A few cognitive scientists – notably Anthony Chemero of the University of Cincinnati, the author of Radical Embodied Cognitive Science (2009) – now completely reject the view that the human brain works like a computer. The mainstream view is that we, like computers, make sense of the world by performing computations on mental representations of it, but Chemero and others describe another way of understanding intelligent behaviour – as a direct interaction between organisms and their world.
    My favourite example of the dramatic difference between the IP perspective and what some now call the ‘anti-representational’ view of human functioning involves two different ways of explaining how a baseball player manages to catch a fly ball – beautifully explicated by Michael McBeath, now at Arizona State University, and his colleagues in a 1995 paper in Science. The IP perspective requires the player to formulate an estimate of various initial conditions of the ball’s flight – the force of the impact, the angle of the trajectory, that kind of thing – then to create and analyse an internal model of the path along which the ball will likely move, then to use that model to guide and adjust motor movements continuously in time in order to intercept the ball.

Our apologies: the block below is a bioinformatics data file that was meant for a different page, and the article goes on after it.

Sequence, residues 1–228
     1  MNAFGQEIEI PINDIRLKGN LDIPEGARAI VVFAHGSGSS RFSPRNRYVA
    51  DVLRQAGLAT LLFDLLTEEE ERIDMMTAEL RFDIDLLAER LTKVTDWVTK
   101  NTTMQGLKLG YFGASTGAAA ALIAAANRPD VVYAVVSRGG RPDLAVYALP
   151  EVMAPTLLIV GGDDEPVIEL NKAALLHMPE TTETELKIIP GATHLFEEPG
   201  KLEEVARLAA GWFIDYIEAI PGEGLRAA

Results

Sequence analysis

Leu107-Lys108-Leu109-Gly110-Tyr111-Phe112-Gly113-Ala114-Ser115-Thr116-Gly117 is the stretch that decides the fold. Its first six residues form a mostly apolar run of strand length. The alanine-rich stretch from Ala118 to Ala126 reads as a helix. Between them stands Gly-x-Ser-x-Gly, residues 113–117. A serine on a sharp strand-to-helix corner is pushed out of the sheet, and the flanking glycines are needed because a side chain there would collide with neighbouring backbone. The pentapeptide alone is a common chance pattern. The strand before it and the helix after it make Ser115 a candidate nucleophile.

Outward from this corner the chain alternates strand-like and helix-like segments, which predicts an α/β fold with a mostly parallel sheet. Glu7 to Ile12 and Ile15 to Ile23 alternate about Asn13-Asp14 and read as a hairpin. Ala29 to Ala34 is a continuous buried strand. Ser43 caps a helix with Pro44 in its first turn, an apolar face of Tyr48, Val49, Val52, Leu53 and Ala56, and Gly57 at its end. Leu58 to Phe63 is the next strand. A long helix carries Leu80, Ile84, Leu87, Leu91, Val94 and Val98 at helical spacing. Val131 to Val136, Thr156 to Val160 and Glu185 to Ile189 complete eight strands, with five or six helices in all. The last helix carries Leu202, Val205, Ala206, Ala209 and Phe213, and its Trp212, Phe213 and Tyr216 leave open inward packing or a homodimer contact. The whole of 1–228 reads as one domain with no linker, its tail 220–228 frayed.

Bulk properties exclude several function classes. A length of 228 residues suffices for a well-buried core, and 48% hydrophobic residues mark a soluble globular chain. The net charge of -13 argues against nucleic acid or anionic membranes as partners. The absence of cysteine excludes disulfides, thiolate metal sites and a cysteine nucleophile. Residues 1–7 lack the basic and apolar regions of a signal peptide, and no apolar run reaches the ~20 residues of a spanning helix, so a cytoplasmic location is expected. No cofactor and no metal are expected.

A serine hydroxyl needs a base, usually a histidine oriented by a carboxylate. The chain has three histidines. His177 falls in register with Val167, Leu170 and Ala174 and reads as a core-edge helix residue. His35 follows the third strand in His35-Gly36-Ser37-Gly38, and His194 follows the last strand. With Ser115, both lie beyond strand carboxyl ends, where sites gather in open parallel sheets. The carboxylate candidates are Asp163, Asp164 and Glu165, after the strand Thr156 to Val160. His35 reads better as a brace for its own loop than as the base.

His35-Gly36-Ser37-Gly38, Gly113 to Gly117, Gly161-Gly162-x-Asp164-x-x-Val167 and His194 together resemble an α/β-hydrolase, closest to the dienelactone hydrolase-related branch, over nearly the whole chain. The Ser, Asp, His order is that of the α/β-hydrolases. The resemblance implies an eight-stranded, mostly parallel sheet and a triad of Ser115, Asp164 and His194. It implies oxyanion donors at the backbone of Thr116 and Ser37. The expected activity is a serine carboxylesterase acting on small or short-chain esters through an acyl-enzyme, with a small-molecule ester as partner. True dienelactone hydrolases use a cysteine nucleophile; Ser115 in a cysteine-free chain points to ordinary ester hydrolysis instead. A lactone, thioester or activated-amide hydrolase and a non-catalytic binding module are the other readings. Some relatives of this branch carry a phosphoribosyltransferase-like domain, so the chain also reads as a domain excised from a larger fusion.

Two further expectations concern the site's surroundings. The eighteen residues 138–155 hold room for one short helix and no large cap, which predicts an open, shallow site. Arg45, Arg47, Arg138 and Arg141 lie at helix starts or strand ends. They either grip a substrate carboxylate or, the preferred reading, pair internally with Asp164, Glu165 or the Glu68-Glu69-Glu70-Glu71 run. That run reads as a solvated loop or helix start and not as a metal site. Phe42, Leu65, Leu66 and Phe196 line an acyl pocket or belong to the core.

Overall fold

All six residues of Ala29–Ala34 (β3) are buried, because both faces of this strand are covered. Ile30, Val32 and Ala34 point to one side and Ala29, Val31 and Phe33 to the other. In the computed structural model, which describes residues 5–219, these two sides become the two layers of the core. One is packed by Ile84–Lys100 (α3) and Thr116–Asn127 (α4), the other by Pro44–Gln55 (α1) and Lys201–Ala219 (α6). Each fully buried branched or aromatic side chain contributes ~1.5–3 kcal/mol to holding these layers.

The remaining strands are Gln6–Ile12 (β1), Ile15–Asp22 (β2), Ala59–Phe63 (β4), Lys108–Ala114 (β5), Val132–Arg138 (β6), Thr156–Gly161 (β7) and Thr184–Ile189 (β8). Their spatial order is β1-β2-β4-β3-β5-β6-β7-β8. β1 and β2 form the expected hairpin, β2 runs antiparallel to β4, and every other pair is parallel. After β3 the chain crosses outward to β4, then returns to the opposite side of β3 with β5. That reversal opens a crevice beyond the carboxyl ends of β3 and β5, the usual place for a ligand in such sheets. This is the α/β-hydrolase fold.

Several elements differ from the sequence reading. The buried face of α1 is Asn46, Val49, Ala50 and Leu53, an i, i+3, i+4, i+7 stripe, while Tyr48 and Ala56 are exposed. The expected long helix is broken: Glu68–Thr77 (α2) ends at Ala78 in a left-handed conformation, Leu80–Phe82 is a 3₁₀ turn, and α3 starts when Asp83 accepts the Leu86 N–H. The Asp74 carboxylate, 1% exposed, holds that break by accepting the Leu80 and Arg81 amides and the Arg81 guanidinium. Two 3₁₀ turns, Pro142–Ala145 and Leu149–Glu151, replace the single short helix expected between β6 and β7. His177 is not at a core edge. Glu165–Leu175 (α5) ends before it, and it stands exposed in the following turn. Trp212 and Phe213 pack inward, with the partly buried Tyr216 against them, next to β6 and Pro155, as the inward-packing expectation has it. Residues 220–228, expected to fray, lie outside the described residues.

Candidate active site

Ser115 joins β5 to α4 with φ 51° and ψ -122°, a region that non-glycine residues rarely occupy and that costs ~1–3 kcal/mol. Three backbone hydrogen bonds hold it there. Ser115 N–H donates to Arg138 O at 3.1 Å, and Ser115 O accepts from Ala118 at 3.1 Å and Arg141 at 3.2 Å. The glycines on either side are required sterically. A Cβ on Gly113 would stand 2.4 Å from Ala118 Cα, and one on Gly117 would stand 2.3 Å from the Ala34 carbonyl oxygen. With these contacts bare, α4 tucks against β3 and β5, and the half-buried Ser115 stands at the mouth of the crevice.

That is all well and good if we functioned as computers do, but McBeath and his colleagues gave a simpler account: to catch the ball, the player simply needs to keep moving in a way that keeps the ball in a constant visual relationship with respect to home plate and the surrounding scenery (technically, in a ‘linear optical trajectory’). This might sound complicated, but it is actually incredibly simple, and completely free of computations, representations and algorithms.
    We will never have to worry about a human mind going amok in cyberspace, and we will never achieve immortality through downloading